Anyway, thanks for the post on Wild Oats. I’ll have to see if there is one in our area—we have Whole Foods, but I think there is Wild Oats in the city…

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RG • June 22, 2007 at 9:13 am

Hi,

Not to abduct your comments or anything, but a reply to Cindy: I’m a mathematician by trade, so trust me when I say I have actually “crunched the numbers” as far as simple cost. Peppers are a great example: 1.29 for a frozen lb of red/yellow/green peppers from Trader Joe’s. Even green peppers are usually about that price (maybe $1/ lb before you take away the stem and seeds) before you factor in any labor costs. Red and yellow peppers are NEVER that cheap. And the frozen costs are year-round, whereas the fresh costs will easily double or triple come winter.

It does help to shop for sales – in both directions. I live in the city and the grocery stores with good produce are pricy, even without going to Whole Paycheck. When I visit the suburbs, I do come back with lots of fresh produce from the Asian market. But I can’t do that weekly, and I will concentrate on buying things that don’t freeze well. Frozen veggies come down to $1/lb about once a month – and they’re frozen, so it’s trivial to stock up a month’s worth.

Nutritionally – I’ve read numerous articles that extol the quality of frozen – since they are frozen within hours of picking (and cooked within hours of defrosting). The nutritional decay process starts as soon as things are picked and is slowed down considerably with freezing. Picked fresh from your garden is better, but not many of us do that.

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RG • June 22, 2007 at 9:37 am

PS – Cindy, I won’t squabble about buying what you’ll actually eat. Absolutely that’s the point, however I think people who haven’t tried frozen in a while will be surprised at how good the taste is. Obviously some things freeze better than others (cauliflower and broccoli freeze better than potatos and carrots)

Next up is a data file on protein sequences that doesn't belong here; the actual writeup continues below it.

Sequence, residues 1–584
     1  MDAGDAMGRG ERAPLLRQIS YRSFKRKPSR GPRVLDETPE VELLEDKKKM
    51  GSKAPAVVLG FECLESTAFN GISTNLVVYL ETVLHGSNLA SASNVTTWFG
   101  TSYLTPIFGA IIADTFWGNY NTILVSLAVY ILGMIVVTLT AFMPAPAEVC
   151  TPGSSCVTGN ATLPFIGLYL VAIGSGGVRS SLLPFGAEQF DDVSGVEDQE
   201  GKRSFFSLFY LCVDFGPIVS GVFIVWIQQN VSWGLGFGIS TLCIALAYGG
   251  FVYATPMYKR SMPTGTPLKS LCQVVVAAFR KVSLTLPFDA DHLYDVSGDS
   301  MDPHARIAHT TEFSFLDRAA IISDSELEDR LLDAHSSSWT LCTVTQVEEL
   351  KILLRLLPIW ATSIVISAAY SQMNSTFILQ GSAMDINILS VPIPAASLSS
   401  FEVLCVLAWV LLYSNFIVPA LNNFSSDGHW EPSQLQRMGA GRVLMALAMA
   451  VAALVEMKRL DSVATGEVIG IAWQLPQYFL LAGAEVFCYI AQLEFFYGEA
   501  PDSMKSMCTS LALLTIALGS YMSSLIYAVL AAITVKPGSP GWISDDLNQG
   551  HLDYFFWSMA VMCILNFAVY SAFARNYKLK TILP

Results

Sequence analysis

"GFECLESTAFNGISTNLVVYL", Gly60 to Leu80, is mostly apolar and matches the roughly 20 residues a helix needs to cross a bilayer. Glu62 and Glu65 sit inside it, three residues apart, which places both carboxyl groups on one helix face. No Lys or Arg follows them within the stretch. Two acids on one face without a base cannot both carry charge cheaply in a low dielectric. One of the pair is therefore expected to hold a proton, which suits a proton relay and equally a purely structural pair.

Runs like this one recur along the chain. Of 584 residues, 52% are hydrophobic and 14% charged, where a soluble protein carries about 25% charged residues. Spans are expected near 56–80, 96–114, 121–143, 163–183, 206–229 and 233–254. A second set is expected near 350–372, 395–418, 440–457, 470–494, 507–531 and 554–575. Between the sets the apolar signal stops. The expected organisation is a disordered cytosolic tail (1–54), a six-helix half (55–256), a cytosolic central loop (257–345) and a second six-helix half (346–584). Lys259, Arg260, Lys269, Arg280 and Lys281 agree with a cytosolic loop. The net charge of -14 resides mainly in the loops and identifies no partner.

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BB • June 22, 2007 at 9:51 am

Hey PQ,

Great post, I love reading your blog! I think the amount of food that gets wasted everyday in this country is something that deserves much more attention. I’ve had good luck with those Glad fresh-protect bags designed to keep produce fresh for longer. They have saved me a small fortune. Also, I’d like to place a link to your blog on my page. I hope this is OK?

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Natalie • June 22, 2007 at 4:22 pm

Thanks for the info. I’d really like to get a copy of that chart. Can’t wait until Wild Oats fixes their link.

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Emily • June 22, 2007 at 7:41 pm

It’s even worse when you do shop at Wild Oats/Whole Foods. The organic stuff tends to go bad even quicker. Almost makes me wish there were more preservatives on it. Almost.

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Mymsie • June 25, 2007 at 9:17 am

When my Dad was visiting earlier this year he taught me about not refrigerating certain produce. Good tip!

I hate how much produce I end up throwing away – it’s especially rough when you’re single. Guess it’s best to buy fruits & veggies the day I need ‘em.

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Mymsie • June 25, 2007 at 9:27 am

P.S. Do you mind sharing your oat pancake recipe?

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d • June 25, 2007 at 11:05 pm

Allegedly exhaling into a plastic bag saves greens? See link.

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geosomin • June 29, 2007 at 11:50 am

“some fruits emit ethylene, an odorless, colorless gas.”

I’m a biochemist, and I can tell you not to worry…it’s part of the way that fruit ripens. It’s why if you have a ripening piece of fruit/veggies in a fridge drawer or bowl they all go ripe together. Cold slows it down, but it’s all good. Some will ripen others too quickly if stored together…but it’s not THAT big of a deal unless you’re ‘raiding the market on a huge scale. I try and buy fruits and veggies as I need them and it’s never a big deal (except my damn peaches keep all going ripe on the same day…but what can ya do?)

Plants have hormones like we do…that is one of them.

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Lauren • April 15, 2011 at 10:50 am

I knew about these things, but only found out recently. Now, the way I store my produce is the way the stores do. Makes sense, huh! They don’t refrigerate most fruits (you find them off to the side in big produce display boxes usually) so I don’t refrigerate them either. Same with tomatoes, potatoes, onions, etc. But all the veggies they have in the fridge boxes like leafy greens, peppers, beans, etc they all go in the crisper!

And I’m still learning which produce emit the gas. Generally I still follow the store rules and the items they sell close together I store close together.

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Jennette Fulda tells stories to the Internet about her life as a smartass, writer, weight-loss inspiration, chronic headache sufferer, and overall nice person (who is silently judging you). She does this at JenFul now, but you can still have fun perusing her past here.